They are seeking stability and predictability in face of financial uncertainty. Help them understand costs and exposures that demand pricing to exposure.
New York, NY (PRWEB) August 5, 2009
In keeping with the Association's tradition of beginning each annual meeting with a senior insurance executive's "bird's eye" view of the Property & Casualty industry, Chubb Vice Chairman and Chief Operating Officer John Degnan, gave attendees of the 79th Inland Marine Underwriters Association (IMUA) in Tucson, AZ his frank assessment of where he believes the industry stands today.
Mr. Degnan began his remarks by telling attendees that 2008 was an unprecedented year on many levels, giving rise to an uncertain insurance market. He pointed to three key factors - profitability declined dramatically due to catastrophe losses; unprecedented investment losses impacted a company's balance sheet; and surplus levels dropped significantly.
However, among the bleak economic news, Mr. Degnan noted that the customer's flight to quality was stimulated by the market's dislocation. He opined, "The present economic conditions will ultimately help financially strong insurers offset the decline in business. And, there will be additional growth opportunities arising from the weakened condition of some insurance companies."
Mr. Degnan noted that now more than ever an insurer's financial strength could be an overriding consideration in company selection. He said, "Insurers should be viewed with the same skepticism as other financial institutions with questions like - Will the carrier be around to pay claims? Will it remain well capitalized? Will it be operated by the same people? Will it be true to pre-crisis values? In short, not all carriers are created equal."
In defense of the insurance industry, he noted that unlike their financial market counterparts, insurers operate without the significant leverage allowed for banks or Wall Street firms. And, an individual insurance company's financial posture is tied to its reserve strength, asset base and underwriting philosophy.
He told the IMUA attendees to acknowledge the challenges that are faced by their customers. "They are seeking stability and predictability in face of financial uncertainty. Help them understand costs and exposures that demand pricing to exposure." Mr. Degnan offered that this is what keeps the industry healthy and able to fulfill promises. In fact, he feels confident that customers will pay more for balance sheet strength than in years past.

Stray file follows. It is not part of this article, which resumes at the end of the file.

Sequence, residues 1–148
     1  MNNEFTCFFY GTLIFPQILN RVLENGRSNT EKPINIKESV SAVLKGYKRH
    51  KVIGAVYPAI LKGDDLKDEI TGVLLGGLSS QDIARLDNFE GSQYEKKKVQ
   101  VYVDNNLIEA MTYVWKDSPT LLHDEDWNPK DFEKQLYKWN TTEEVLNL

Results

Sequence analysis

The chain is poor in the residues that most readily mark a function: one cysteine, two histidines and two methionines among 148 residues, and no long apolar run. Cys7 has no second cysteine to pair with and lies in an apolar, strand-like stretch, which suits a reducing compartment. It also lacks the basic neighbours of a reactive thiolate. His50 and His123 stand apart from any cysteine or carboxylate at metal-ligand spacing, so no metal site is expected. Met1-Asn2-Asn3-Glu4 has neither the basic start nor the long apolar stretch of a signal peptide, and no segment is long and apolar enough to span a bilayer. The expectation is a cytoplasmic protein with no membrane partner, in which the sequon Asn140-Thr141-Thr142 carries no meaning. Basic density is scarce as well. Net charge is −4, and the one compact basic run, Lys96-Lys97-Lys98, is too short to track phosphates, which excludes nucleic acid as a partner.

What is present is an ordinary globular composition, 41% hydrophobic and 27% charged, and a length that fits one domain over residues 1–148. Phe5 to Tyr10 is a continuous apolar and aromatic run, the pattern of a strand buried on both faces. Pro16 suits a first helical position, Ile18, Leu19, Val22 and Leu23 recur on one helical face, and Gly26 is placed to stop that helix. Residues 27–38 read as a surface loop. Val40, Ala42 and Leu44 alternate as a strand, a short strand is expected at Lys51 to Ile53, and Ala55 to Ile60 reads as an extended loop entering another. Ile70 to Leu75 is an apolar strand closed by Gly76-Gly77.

In his concluding remarks, Mr. Degnan tackled the current regulatory regime. He simply stated that the industry will continue to face a tumultuous and potentially transformative period, at least for the near term. He predicted that some carriers may fail, while others will shrink or become less risk tolerant. "The regulatory climate will be dramatically affected by emerging economic populism," he stated. Deregulation has been deemed an underlying cause of the current economic crisis. As a result, modernization of the insurance regulatory mechanisms is inevitable."
He pointed to the three key themes for industry regulation. They include:
1. P&C insurance does not pose the same systemic risk as banks, and should not require taxpayer intervention.
2. P&C insurance is essential to our national economy.
3. The global nature of risk transfer calls for the inclusion of P&C in any systemic risk regime.
"P&C insurance accounts for 2.4% of the US annual GNP and has more than $535 billion in capital. The industry purchases close to $370 billion in state and municipal bonds. It pays almost $200 billion in claims each year and employs, directly or indirectly, about 1.5 million individuals. The industry is largely insulated from the current financial crisis because it is generally low-leverage businesses. It has lower asset to exposure ratios compared to other financial institutions, and it has more predictable cost outflows." he stated.
"So why should Congress be discussing functional federal regulations?" he asked the IMUA attendees? "State by state regulatory regimes are fragmented and ill prepared to close gaps in regulation. What the industry needs now is regulatory efficiency." That, he notes, includes coordinated, more sophisticated analysis of market trends; the ability to deal with systemic risk before a crisis develops; and an integrated insurance voice that can respond to the global financial crisis. The challenge will be to avoid duplicative and inefficient regulation."
IMUA is the national association for the commercial inland marine insurance industry. IMUA serves as an industry voice of its member companies representing approximately 90 percent of all commercial inland marine insurers in the U.S. The Association provides its members with comprehensive educational programs including research papers and bulletins, industry analysis and live/web seminars. IMUA was founded in 1930.